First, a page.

South Australian cinematographer Michael Tessari shoots his first feature film, Awoken, for director Daniel J. Phillips – by Michael Tessari
A young medical student Karla (Sara West) is desperately trying to save her brother (Eric Thomson) from a terminal sleep illness called Fatal Familial Insomnia, where one is unable to sleep until you die. On her quest to help him, a more sinister reason for his condition is revealed.
Awoken was the first feature for both myself and long time collaborator Daniel J. Phillips. Written and directed by Phillips, Awoken is a $2.7 million-dollar horror film starring Thomson and West.
I credit the Australian Cinematographers Society (ACS) with a large part of why I was able to shoot this film. The year before, I was tasked with shooting a proof-of-concept short film which was to help find financing for the feature version. I submitted that short into the South Australian ACS Awards in 2017 and was absolutely blown away when it won the Milton Ingerson Award for best entry of the year. I believe this award was a large factor in convincing producers to take a chance on a first time cinematographer and for that I am forever grateful.
During pre-production I worked with the director to shot list and floor plan the majority of the film. This and the prior working relationship I had with Phillips allowed for a shorthand that I feel was integral in allowing us to stay consistent, make our days and keep our heads.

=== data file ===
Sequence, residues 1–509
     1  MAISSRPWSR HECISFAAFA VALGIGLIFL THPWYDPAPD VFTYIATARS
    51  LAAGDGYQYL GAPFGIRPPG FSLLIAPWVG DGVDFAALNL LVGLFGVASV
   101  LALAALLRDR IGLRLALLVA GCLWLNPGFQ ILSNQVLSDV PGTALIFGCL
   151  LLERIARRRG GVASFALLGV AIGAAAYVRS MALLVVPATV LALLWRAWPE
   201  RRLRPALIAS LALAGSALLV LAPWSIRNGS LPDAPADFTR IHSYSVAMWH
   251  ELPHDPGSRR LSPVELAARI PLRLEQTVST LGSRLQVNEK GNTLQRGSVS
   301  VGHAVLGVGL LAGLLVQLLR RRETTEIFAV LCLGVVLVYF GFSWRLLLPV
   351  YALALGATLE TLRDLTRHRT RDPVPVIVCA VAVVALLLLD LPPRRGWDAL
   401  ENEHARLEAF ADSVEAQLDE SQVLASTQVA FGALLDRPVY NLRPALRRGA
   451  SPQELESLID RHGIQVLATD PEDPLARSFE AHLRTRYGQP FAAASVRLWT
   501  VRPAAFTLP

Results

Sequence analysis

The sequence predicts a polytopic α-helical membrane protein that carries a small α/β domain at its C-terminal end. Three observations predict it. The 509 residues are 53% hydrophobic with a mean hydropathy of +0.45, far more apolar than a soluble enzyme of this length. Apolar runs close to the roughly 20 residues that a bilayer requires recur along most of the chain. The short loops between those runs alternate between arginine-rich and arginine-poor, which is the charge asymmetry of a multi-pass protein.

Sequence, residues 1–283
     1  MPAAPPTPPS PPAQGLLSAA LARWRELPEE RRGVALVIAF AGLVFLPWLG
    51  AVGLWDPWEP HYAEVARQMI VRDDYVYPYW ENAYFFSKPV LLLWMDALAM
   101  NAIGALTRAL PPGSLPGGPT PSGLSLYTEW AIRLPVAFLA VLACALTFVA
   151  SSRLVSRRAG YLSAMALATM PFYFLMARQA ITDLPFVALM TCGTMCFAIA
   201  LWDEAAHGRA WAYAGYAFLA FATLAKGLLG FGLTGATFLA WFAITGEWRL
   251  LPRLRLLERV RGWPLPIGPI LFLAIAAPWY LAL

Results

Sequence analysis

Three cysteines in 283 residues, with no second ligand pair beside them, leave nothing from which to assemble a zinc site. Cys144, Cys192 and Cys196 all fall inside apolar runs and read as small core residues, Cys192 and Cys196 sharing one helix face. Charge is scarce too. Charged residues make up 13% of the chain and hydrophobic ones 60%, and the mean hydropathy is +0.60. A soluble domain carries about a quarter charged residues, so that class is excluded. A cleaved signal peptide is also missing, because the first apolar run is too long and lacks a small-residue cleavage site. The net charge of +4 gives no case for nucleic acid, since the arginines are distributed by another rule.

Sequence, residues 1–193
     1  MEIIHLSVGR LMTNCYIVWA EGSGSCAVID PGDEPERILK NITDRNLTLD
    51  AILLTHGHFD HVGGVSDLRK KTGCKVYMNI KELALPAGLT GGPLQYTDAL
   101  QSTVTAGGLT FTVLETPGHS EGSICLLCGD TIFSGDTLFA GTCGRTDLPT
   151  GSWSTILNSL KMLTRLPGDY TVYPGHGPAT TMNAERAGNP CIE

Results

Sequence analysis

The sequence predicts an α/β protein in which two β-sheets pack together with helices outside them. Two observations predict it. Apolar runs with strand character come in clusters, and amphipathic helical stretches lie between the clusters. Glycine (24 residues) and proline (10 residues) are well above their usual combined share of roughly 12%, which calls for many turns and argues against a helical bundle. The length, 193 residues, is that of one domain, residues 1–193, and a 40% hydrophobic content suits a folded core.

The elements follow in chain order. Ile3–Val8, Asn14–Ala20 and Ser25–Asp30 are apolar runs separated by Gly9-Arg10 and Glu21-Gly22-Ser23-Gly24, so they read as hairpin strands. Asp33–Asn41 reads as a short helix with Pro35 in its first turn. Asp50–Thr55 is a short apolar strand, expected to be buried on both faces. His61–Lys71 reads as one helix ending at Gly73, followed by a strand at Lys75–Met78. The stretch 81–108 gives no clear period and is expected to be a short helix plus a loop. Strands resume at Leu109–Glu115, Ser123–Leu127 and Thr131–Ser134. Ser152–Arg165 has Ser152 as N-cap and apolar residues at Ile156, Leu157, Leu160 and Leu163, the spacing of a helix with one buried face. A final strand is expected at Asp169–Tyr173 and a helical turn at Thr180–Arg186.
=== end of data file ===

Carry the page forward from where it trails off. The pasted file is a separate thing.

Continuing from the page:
We shot Awoken over twenty-nine days, shooting in Hendon Studios in Adelaide with some location work in the old Royal Adelaide Hospital which was empty at the time and has since been demolished. A key stylistic choice I wanted to bring to the film and one that we had tested on the short was the concept of working within a triadic colour scheme. As the film is thematically about possession, visually I wanted to split it into three parts, each with a different colour and each representing a part of the Christian ideal of heaven, earth and hell.
As a result, the beginning of the film was designed to be primarily blue and ‘safe’ until shit begins to hit the fan and then we are in an underground facility lit primarily with sickly green fluorescent tubes. Finally, the film culminates in a battle between the forces of good and evil, the film is lit completely by candlelight.
Speaking of this final confrontation, I really wanted to achieve this lighting practically and managed to shoot the whole sequence without any film lights. This necessitated using triple wicked candles and a floating key light, consisting of a shelf of candles with a bounce board backing attached to a C-stand. Safety first!
I guess not many people watching will notice but I personally really appreciate watching it back and seeing the actual candle flame reflected in their eyes during some of those close-ups. On top of this we just had a few visual rules we set for ourselves which really helped to keep things consistent. This included longer lenses when she’s claustrophobically trapped underground and saving handheld again for when the ‘shit hits the fan’.
Awoken was such a great learning experience for me and one I don’t think I’ll ever forget. I can’t thank my team of Jules Wurm, Sam Steinle, Ian Routledge, Robertto Karas, Josh Koster and Warren Luxford enough. Last year, I was fortunate enough to receive an ACS Gold Award and I would have been celebrating at the national awards around this time, if it were not for the dire times we find ourselves in.
Awoken is soon to be released to view on demand in all the major territories worldwide.
Michael Tessari is a cinematographer working Australia-wide since he graduated university with honours in cinematography in 2012.